Think about it though, there are several reason why men should not have a say in
what women do with their bodies.

Congratulations Sir, You’re Pregnant

For example, men have never had to face the decision of whether they should allow
a child to grow inside them. They have never been in the position of reconciling the
gift of life with the invasion of life. In fact, a man can just impregnate a woman and
walk away, which is exactly what many have done. If a man can have the right to
choose whether he wants the responsibility of fatherhood, shouldn’t the woman
have the same choice concerning motherhood?

Men have never been in the position of having a foreign object growing in their
bodies and being told it would be immoral to want that object removed. Men cannot
relate to the feeling personal invasion brought about by an unwanted pregnancy or
the fears of being a single mother. The woman’s body is used as a vessel for life,
but it should be each woman’s decision as to whether she wants to be a vessel at
that point in her life.

Daddy Isn’t Here, Sweetheart

Another reason men shouldn’t have a say on the abortion issue is because since the
dawn of time women have carried the majority of the burden of child rearing while
the man pursues his own interests in life. Meanwhile, the wife is tied to the home to
raise the children that both of them created. Men cannot relate to the stifling feeling
that comes from being subjected to living a life as the primary care giver. In fact,
there should be no primary care giver at all, it should be a shared responsibility.
However, when the father is not around, the woman has no other choice.

The woman knows what having a child will mean to her personal life (and yes, her
life does matter too). Sometimes the changes are welcomed, other times the future
is very scary. A man can go on with his life, his career and his own interests with
little worry about his future other than being forced to set up the baby’s crib before
the mother goes into labor – if that much. However, the mother’s sacrifices and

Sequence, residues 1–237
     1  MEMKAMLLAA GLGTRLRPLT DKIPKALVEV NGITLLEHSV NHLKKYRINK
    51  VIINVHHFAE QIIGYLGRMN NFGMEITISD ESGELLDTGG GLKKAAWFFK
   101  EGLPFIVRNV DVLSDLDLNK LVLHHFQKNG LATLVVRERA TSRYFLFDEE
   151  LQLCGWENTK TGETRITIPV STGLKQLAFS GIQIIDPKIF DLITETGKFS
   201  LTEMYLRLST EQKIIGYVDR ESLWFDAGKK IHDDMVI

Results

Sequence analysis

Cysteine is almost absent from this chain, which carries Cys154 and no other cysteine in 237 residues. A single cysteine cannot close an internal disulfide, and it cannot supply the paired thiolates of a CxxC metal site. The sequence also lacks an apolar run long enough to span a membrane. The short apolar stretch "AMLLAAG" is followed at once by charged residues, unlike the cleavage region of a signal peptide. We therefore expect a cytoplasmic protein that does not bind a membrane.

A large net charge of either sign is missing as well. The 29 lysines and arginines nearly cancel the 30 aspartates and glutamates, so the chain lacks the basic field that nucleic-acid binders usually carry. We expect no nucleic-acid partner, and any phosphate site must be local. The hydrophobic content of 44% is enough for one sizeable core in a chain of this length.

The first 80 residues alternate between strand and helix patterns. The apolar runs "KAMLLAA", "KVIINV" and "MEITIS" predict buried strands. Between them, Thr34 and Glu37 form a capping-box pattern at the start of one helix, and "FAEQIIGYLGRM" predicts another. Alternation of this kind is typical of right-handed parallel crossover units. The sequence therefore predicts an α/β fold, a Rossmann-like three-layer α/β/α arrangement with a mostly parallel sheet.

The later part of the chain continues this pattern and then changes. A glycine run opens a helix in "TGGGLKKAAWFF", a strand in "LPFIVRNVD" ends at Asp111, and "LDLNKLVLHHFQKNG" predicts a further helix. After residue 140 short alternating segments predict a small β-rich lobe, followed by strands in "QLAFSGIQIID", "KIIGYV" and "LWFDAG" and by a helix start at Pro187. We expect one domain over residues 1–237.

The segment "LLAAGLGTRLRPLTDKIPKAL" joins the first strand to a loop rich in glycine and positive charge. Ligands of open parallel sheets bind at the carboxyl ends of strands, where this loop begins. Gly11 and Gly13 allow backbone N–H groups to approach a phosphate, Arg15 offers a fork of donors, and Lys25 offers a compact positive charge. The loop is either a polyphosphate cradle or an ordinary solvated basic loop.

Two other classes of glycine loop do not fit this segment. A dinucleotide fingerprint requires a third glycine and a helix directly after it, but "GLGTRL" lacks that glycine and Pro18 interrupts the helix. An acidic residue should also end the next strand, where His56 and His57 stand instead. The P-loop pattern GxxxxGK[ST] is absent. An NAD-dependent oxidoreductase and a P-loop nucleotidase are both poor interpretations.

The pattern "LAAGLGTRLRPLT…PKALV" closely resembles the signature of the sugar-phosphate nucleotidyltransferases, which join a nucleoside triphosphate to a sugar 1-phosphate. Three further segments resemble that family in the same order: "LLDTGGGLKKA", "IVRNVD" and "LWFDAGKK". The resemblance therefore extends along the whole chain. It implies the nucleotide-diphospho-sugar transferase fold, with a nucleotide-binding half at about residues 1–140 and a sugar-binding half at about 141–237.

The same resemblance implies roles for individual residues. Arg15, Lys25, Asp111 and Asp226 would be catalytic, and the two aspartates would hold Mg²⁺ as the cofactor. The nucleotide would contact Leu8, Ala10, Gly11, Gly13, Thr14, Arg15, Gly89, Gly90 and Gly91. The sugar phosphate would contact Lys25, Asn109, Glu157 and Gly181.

responsibilities are endless and she knows how important it is to raise children who
are productive members of society. She can’t fail – even if he does shrug his

Men have basically handed over parental responsibilities to the women and walked
away. Even the most well-intentioned father engages in but a small amount of the
parenting responsibilities. The women, with no other choice but to raise the children
since the father is out pursuing his career, or whatever it is that men do when they
are not at home with their families, are forced into a situation that may not even be
what that woman needs to thrive in life. She has no choice.

Does the man care that his selfishness could have a detrimental impact on the
woman? Nope. She’s doing what society expects of her and he is doing whatever he
wants. It is especially difficult for women in these days when so many men just
abandon their responsibilities as fathers altogether and leave the woman completely
alone to raise the child as a single parent. Even when a father is physically around,
oft times he is not around emotionally. But again, the woman has no choice.

It Takes Two

The reason it takes both a man and a woman to make a child is because nature
knew it would take both a man and a woman to raise that child. When the man
shrugs his paternal obligation, the woman is left with a burden that wasn’t meant to
be shouldered by one person.

So many conservatives believe women get recklessly pregnant and then use abortion
as birth control. This is just a tactic used to justify the imposition of their morals on
other people. Anyone who has ever been inside an abortion clinic knows abortion is
always a last resort for women. It’s a desperate move to solve a desperate problem –
not a routine action.

What’s even more ironic is that many times these conservatives would be the first to
rush their daughter to the abortion clinic just to save face if she ended up with an
unwanted pregnancy. Then they have the audacity to condemn the women who
choose to not have a baby because they couldn’t afford to feed it or didn’t want to
raise the child alone. In fact, the guy I mentioned at the start of this article
encouraged his girlfriend to have an abortion because he was afraid of what his
religious parents would think about an illegitimate child. He thinks what he did was
moral, but some abortions are not. Even worse, he is blind to his own hypocrisy.

Men, It’s Time To Be A Daddy

It all too ironic that while women have been home raising the children, men have
been in politics making laws concerning women and their bodies. Men have used
their power in politics and religion to control and dominate women by telling us
what they think we can morally do with our own bodies. Imagine the arrogance!
That any man believes he has any place at all tell me what is legal for me to do with
my own body! This is why there needs to be more women legislators and religious

I don’t see men rushing to change societal expectations for maternal responsibility
concerning child rearing. I don’t see them demanding the right to be more
responsible fathers or to play a more integral part in their children’s lives. In fact, if
they did then they would be entitled to more say in the abortion issue. But why
should they want things to change? They’ve got it made in the shade. If things
changed, they’d have to pull their own weight, give up some of their own career
pursuits, and go home at a decent hour to the child waiting for dinner and a caring

In short, when men start choosing to be fathers, that’s when they will have the right
to pipe in on whether women can choose to be mothers. Until then men, your
opinion just doesn’t matter.